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In Search of... (TV series)

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In Search of… was a 1977 to 1982 television series inspired by three one-hour TV documentaries: In Search of Ancient Astronauts,[1] In Search of Ancient Mysteries and The Outer Space Connection[2]. The show was originally broadcast on commercial television in the United States, inspired a 2002 revival on the the Sci-Fi Channel, with the original later rebroadcast on A&E Network and History Channel.

The lead in to each episode of the original series had In search of… Extraterrestrials, Magic and Witchcraft, Missing Persons, Myths & Monsters, Lost Civilizations, and Strange Phenomena. It also had a verbal disclaimer of "This series presents information based on theory and conjecture. The producer's purpose is to suggest some possible explanations[3] but not necessarily not the only ones to the mysteries we will examine."

Funny how "wild speculation" later became "history", isn't it?

It spoke conspiracy theories, science fiction, wild speculation investigated mysterious things.

The 2002 revival was very short lived, lasting 8 episodes with each episode covering 3 to 4 "mysteries".

As of 2018 the History Channel is planning another revival with Zachary Quinto as host this time. From the promotional material it is going to be more woo[4] Why, Zachary??

The rational and the irrational[edit]

As expected from its woo origins In Search of… more often than not suggested incredible solutions for its mysteries. Thankfully for the skeptical viewer, it did go into more rational and plausible explanations for some of the mysteries it looked at.

Some of the better episodes in this regard were:

  • Nazi Plunder
  • Amelia Earhart
  • Dracula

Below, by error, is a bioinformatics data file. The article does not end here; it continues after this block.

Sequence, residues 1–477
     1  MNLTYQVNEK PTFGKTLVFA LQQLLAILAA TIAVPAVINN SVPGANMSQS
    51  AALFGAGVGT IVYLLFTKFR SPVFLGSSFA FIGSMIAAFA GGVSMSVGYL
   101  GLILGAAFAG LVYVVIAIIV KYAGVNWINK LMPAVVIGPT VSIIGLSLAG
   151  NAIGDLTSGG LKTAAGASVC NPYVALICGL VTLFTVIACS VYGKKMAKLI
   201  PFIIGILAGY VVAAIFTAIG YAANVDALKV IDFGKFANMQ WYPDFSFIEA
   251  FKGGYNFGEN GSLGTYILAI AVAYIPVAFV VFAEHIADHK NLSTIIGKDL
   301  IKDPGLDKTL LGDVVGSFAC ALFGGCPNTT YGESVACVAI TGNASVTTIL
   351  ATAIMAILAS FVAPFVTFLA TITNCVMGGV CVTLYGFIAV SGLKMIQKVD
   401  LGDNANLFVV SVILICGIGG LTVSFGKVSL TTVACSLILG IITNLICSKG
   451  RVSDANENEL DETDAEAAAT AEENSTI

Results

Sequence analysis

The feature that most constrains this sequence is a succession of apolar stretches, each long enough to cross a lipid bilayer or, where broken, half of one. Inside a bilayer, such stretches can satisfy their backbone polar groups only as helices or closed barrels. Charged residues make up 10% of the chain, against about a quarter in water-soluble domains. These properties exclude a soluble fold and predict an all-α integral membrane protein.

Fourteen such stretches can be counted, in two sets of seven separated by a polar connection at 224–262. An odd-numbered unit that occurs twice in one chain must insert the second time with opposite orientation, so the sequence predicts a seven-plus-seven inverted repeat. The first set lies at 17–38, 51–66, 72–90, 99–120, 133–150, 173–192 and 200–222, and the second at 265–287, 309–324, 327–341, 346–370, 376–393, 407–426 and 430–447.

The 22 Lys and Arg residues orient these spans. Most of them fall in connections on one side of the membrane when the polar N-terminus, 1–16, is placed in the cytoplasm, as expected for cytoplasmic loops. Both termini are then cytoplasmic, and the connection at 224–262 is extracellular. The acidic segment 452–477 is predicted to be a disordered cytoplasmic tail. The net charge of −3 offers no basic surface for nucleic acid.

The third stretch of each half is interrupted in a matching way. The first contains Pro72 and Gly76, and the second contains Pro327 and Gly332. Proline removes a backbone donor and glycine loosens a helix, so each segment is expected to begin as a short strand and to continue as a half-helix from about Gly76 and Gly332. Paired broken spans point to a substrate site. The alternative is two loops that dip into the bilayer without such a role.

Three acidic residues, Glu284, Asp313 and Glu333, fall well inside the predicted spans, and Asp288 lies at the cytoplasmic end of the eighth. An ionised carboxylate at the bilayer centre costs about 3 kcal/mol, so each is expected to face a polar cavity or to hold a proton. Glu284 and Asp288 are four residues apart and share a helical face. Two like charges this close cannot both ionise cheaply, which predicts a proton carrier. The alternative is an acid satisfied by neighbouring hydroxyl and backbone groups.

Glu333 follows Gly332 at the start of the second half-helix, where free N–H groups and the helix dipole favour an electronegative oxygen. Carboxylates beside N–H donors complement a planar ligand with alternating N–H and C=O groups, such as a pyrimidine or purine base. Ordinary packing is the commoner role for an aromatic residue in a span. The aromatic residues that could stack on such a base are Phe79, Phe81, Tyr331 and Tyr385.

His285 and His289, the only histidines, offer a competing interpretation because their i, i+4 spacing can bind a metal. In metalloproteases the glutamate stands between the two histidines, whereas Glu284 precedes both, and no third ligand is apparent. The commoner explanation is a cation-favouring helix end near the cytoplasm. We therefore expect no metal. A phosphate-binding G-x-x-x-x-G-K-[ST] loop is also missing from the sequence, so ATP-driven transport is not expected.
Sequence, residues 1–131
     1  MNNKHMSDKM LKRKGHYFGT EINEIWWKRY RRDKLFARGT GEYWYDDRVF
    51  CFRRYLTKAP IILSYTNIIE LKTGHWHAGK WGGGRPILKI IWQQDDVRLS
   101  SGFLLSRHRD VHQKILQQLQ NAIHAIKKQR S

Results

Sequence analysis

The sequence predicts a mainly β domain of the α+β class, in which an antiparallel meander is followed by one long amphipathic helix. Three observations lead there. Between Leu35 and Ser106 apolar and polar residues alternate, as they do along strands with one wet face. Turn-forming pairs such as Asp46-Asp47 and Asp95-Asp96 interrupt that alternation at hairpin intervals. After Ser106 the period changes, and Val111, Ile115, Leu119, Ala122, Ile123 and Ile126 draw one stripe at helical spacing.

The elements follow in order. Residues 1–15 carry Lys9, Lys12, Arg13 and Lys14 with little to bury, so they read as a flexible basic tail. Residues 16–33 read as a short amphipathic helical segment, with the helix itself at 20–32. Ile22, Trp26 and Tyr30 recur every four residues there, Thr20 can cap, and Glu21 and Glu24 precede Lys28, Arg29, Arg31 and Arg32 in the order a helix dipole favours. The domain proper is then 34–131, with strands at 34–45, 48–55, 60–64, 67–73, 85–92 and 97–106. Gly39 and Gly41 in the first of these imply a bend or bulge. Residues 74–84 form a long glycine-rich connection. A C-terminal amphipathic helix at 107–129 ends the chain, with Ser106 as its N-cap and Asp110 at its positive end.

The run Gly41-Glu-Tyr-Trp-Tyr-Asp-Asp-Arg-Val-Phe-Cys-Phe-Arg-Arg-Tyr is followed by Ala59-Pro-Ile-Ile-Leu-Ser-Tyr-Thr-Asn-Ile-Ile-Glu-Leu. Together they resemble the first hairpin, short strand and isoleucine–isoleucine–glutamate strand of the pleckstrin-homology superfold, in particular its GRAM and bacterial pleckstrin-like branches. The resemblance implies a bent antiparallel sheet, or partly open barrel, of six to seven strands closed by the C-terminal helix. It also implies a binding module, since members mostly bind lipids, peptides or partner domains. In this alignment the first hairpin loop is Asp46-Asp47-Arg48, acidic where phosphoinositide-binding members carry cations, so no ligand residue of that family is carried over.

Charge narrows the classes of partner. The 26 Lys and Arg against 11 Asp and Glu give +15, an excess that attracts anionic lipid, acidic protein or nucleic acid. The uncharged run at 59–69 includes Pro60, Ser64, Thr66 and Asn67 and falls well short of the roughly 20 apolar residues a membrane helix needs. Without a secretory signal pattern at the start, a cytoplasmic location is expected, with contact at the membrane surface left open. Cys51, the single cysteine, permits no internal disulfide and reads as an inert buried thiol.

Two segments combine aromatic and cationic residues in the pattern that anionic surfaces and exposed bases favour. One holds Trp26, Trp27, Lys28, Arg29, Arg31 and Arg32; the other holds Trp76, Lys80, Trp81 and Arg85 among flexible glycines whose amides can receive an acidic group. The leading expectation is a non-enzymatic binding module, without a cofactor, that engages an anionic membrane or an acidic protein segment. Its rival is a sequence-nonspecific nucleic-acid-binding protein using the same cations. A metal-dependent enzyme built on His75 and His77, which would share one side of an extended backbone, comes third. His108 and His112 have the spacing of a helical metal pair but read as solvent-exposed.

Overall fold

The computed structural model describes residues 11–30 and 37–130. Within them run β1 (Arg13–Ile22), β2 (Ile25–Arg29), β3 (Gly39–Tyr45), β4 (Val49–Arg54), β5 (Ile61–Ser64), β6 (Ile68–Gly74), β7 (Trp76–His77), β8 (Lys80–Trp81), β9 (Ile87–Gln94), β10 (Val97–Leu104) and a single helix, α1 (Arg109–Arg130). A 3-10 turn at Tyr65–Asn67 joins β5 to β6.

• The Lost Dutchman Mine
  • Michael Rockefeller
  • Troy: The story of Heinrich Schliemann's search and discovery of Troy.
  • Bermuda Triangle Pirates: one of the more rational reasons for some of the smaller disappearances.
  • Sherlock Holmes: A look at how much of Sir Arthur Conan-Doyle was in his literary creation.
  • Lost Vikings: The Viking Discovery of America.
  • The Lost Colony of Roanoke
  • Sodom & Gomorrah: Suggested that an earthquake was what really destroyed these cities.
  • King Tut: natural death… or assassination?
  • D.B. Cooper
  • The San Andreas Fault
  • Jimmy Hoffa
  • Jim Jones
  • Hiroshima Survivors
  • The Titanic
  • The Walls of Jericho: was it disease, an earthquake, or did it even happen?

Overview[edit]

Of the 144 episodes, the majority went off in woo woo land with not even 15% (22) in anything approaching rational land. Even with mundane topics like Jack the Ripper wild speculation (that it was a Masonic plot) rather then anything rational (1880s police simply didn't have the tools to capture a serial killer) was the rule. The original show is more useful as a snapshot of 1970's woo then it is for any information it may provide.

The 2002 revival is in some regards worse as when it does go into rational explanations it tries to explain popular views rather then what actually existed. For example the section on vampires used the porphyriaWikipedia's W.svg explanation which at best only explains a small subset of vampire myths. So small in fact that the idea is generally thrown out on suggestion.

See also[edit]

References[edit]

  1. A variation of Erich von Däniken's Chariots of the Gods? woo.
  2. More of Erich von Däniken's Chariots of the Gods? woo.
  3. The wilder the better
  4. Zachary Quinto investigates the paranormal on History’s revival of In Search Of